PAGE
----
Fannie Mae and Freddie Mac may soon cease to exist, should legislation introduced by the Senate banking committee Tuesday pass.
Private capital would have to take the first 10 percent of mortgage losses under the proposed bill, which would remove much of the federal backing that repackaged mortgage-backed securities have enjoyed since Fannie and Freddie were placed into government conservatorship five years ago. The move would form a Federal Mortgage Insurance Corp. functioning similarly to the Federal Deposit Insurance Corp., which would ensure that financing remains accessible to qualified buyers. User fees would generate funds, rather than tax dollars.
The change aims to ultimately dissolve Fannie and Freddie completely, according to a statement from Idaho Senator Mike Crapo released Tuesday morning.
“Government control of Fannie and Freddie with no private capital to protect taxpayers against losses is unacceptable,” Crapo said in the press release, adding that the form would “move us toward a stronger housing system that provides a balance between providing broad access to mortgages.”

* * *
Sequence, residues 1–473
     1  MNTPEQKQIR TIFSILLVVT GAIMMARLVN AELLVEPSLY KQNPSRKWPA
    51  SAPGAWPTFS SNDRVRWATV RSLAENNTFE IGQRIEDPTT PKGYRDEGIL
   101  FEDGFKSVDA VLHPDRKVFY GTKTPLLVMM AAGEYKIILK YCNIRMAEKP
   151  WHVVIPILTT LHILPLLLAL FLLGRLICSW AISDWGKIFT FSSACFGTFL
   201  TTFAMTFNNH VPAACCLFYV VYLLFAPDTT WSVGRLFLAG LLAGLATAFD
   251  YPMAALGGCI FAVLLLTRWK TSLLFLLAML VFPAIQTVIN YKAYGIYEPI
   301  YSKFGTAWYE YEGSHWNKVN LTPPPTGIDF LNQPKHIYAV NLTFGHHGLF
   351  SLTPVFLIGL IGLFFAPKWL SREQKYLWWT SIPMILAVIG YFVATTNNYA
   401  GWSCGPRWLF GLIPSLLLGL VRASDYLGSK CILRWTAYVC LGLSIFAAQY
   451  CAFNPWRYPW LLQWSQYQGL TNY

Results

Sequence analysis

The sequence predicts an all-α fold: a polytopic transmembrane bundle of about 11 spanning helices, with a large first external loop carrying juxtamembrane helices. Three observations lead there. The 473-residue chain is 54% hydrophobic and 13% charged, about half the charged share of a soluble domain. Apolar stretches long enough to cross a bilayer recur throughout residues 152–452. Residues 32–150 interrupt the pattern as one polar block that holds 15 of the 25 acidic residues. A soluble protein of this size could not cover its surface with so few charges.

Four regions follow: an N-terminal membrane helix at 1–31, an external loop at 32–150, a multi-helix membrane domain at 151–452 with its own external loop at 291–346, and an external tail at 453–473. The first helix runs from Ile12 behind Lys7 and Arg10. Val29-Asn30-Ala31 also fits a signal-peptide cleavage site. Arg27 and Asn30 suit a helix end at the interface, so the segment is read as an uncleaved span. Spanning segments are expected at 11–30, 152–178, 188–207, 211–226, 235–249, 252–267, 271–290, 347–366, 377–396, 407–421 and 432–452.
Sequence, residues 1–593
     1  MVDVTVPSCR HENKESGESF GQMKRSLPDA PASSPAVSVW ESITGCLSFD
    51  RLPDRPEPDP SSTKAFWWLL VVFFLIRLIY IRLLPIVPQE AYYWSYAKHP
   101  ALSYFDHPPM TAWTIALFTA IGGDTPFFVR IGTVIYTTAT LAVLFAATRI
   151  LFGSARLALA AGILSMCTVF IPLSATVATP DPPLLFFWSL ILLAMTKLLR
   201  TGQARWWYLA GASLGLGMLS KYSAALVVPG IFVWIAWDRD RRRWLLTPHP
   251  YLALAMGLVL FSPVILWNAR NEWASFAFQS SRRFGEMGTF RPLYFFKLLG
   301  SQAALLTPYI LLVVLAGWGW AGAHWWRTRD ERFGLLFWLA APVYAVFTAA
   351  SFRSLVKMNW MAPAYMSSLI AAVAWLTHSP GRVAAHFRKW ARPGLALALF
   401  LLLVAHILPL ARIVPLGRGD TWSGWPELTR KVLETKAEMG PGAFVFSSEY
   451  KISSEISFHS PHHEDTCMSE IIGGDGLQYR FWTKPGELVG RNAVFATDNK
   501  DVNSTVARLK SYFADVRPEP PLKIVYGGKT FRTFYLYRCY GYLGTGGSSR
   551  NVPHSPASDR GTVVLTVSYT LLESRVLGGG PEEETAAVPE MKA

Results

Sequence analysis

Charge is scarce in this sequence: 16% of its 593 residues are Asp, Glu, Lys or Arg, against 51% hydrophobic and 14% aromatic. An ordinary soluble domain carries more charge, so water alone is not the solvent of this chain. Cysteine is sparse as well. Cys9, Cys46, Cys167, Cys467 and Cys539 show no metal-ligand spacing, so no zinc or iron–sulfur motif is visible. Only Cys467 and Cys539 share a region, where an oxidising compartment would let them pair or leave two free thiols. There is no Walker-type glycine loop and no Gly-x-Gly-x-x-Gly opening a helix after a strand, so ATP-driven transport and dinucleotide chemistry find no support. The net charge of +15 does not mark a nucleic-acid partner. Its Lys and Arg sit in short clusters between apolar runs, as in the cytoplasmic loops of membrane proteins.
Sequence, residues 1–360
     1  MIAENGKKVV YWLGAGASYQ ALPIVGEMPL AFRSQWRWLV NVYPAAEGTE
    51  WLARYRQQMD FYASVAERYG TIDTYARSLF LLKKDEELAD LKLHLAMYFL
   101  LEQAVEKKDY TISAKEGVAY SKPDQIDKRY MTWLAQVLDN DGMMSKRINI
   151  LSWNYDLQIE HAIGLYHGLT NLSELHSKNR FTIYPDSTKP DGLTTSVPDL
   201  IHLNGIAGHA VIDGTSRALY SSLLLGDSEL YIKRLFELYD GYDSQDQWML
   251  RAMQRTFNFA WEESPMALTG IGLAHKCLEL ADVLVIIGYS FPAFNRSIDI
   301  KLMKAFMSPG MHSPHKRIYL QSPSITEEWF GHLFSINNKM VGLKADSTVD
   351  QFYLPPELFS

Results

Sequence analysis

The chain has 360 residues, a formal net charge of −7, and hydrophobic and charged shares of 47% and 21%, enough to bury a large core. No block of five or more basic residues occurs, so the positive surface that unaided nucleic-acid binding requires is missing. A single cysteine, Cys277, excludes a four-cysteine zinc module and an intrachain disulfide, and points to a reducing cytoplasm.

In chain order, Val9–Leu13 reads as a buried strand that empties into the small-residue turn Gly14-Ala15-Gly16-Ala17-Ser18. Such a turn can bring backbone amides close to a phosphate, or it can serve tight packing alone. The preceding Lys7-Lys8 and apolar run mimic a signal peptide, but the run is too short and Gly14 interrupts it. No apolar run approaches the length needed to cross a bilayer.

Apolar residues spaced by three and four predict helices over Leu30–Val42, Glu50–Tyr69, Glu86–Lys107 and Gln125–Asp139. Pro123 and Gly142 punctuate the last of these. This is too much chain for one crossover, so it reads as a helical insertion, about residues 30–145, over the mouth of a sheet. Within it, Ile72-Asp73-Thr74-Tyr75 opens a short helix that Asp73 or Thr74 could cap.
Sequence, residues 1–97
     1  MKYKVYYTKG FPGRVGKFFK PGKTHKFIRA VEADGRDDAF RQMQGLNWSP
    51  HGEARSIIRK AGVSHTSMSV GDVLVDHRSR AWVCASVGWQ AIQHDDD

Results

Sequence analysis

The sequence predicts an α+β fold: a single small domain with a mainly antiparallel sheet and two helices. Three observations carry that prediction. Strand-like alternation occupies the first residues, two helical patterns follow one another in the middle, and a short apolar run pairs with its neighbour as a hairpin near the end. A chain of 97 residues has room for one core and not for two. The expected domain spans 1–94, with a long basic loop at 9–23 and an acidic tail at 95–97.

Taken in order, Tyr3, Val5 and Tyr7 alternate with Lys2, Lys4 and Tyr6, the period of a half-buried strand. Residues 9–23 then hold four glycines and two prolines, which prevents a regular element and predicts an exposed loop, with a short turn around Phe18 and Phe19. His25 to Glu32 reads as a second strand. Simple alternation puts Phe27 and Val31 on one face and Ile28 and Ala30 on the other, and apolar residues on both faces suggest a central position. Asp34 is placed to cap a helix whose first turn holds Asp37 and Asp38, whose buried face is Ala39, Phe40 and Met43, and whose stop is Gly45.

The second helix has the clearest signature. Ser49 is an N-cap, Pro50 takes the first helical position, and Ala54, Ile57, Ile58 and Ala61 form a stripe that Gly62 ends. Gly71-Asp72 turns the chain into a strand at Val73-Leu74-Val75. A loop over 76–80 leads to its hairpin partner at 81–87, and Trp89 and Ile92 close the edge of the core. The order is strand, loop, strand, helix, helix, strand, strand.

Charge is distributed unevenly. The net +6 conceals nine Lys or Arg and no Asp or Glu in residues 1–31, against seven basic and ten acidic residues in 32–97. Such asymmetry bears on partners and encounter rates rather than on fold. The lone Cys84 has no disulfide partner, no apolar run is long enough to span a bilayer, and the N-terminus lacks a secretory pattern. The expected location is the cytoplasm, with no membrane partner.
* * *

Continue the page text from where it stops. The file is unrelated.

The proposal caught several industry-watchers off guard, the New York Observer reported, with some saying the legislation would destabilize the multifamily sector.
“Today is a bad day,” Greenberg Traurig head Robert Ivanhoe told the Observer. “I am sure many people in the real estate industry are concerned about the winding down of the largest source of liquidity for multi-family apartment properties, by far, and how they will be financed in the future.” [NYO] — Julie Strickland